The suit in U.S. District Court alleged that Stubbs filed for dental services he never provided and that he submitted inflated bills. The insurance company and Stubbs eventually reached a settlement, and the files are now sealed.
"It wasn't worth fighting," Stubbs said in an interview. "There was no problem. Blue Cross/Blue Shield accepted the settlement. If they really thought I'd committed fraud, they'd have gone after my license."
G&S's proposal for the welfare-to-work contract, obtained through the Freedom of Information Act, consists primarily of copies of city handouts. The 10 pages that outline the company's plan are riddled with grammatical and spelling errors. The proposal included letters from six companies saying they would consider hiring welfare clients assigned to G&S. The letters, signed by various company officials, all were addressed to Stubbs.
But Stubbs appears to have been behind the letters himself. One of the companies, Lake Arbor Dental Associates, is his dental firm. D.C. Family Services is the network of group homes he owns with Sheila Gather, who is the "G" in G&S Associates. Children's Island Development Corp. also is his. Associated Management Consultants does not appear in standard directories of businesses, but its phone number is the same as that of Children's Island Development Corp.
Stubbs, reached at his dental office on Eighth Street SE, said that his other companies did indeed hire some of his welfare clients but that he could not say how many.
A former G&S employee who asked not to be identified said that employees were pressured to persuade welfare recipients to work at Stubbs's group homes, whether or not that was in the best interest of the recipients or the group home residents.
In addition to being paid by the city for placing clients in jobs with his own firms, Stubbs also qualified for a tax credit: Employers who hire welfare recipients get a federal tax credit of as much as $3,500 the first year and $5,000 the second year.
"If I have more than one company that can utilize government benefits in more than one way, then that's the American way," Stubbs said.
Stubbs's ties with the fired welfare administrator, Brown, go back years. While in another job, Brown had approved Medicaid contracts for him. Stubbs hosted a wedding for her niece, who had lived with Brown for many years in his luxurious home in Foxhall. After the welfare contract was approved, Stubbs rented Brown a home, with an open-ended option to buy it.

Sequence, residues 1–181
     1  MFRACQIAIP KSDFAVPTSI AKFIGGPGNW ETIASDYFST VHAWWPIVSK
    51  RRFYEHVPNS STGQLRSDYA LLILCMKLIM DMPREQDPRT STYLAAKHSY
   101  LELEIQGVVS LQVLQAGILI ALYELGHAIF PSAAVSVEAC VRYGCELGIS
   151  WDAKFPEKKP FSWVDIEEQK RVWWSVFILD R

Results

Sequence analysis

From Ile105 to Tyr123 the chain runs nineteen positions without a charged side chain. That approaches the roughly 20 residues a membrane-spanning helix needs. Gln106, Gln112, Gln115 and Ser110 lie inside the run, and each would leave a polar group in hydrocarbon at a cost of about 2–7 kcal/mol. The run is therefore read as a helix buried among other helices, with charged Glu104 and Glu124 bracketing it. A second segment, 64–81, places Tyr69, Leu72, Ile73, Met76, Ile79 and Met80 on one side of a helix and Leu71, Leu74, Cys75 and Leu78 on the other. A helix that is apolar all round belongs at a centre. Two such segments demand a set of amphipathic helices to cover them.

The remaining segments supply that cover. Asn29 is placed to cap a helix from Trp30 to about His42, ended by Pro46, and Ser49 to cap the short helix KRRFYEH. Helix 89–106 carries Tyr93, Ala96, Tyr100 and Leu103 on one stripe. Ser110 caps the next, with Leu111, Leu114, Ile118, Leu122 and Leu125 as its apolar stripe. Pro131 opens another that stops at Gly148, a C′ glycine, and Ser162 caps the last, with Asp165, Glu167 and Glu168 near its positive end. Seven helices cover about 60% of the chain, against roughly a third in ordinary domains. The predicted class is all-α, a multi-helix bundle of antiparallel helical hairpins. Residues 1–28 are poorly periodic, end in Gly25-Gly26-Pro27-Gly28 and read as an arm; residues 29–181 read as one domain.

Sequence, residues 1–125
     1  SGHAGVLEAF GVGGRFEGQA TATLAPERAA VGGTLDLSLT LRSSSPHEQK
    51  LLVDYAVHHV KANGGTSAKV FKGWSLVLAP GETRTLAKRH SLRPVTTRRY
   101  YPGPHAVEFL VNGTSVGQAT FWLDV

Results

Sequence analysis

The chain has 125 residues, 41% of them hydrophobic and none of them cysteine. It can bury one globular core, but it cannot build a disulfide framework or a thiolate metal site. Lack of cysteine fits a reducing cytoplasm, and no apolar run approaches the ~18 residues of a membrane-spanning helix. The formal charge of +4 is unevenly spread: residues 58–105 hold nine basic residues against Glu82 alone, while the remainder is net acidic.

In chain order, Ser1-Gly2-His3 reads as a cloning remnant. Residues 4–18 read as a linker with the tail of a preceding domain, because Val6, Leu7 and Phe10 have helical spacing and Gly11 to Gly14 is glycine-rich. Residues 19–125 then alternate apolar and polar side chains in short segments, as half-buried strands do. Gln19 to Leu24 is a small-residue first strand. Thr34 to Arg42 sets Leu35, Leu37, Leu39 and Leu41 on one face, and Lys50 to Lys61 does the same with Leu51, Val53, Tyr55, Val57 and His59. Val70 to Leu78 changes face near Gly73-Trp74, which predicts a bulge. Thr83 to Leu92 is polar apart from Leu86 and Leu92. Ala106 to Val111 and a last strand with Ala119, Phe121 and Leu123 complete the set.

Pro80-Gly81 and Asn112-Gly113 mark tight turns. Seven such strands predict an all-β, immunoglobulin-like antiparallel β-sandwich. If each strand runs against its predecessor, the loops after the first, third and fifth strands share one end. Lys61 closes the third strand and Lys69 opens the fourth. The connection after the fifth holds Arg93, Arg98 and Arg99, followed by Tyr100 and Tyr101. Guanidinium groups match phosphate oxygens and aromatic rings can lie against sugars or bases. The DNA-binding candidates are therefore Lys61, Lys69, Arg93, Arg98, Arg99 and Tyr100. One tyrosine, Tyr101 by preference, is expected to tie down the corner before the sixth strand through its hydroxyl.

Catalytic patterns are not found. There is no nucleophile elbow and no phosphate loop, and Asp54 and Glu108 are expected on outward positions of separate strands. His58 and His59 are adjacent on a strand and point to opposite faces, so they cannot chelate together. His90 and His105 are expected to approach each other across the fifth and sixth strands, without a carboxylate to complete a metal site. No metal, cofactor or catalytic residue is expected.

Stubbs called Brown one of the most ethical people in government and said their business connections were unrelated to his work with the District.
The city's inspector general is investigating the case. Lawyer Frederick Cooke Jr., who is representing Brown and Stubbs, said that nothing has been proved against his clients and that the U.S. attorney's office had declined to launch a criminal prosecution. Neither investigating office will comment on the case.
The city, meanwhile, has decided that welfare clients sent to Stubbs will all get another chance with another contractor. The city also will rescind any cuts in welfare payments to people assigned to G&S.
Staff researcher Bobbye Pratt and staff writers Katherine Boo and Maria Glod contributed to this report.
LOOKING FOR WORK
The District was counting on private vendors -- awarded contracts worth up to $52 million -- to get about 13,000 welfare recipients into jobs. But the program is floundering, in large part because clients lack skills, and about half refuse to show up for initial appointments. Here is the record of Davis Memorial Goodwill, which the city identifies as doing the best job:
DAVIS MEMORIAL GOODWILL
Clients told repeatedly to report to Goodwill: 500
Number that showed up: 266
Number in job search or unpaid work experience: 204
Number in jobs: 62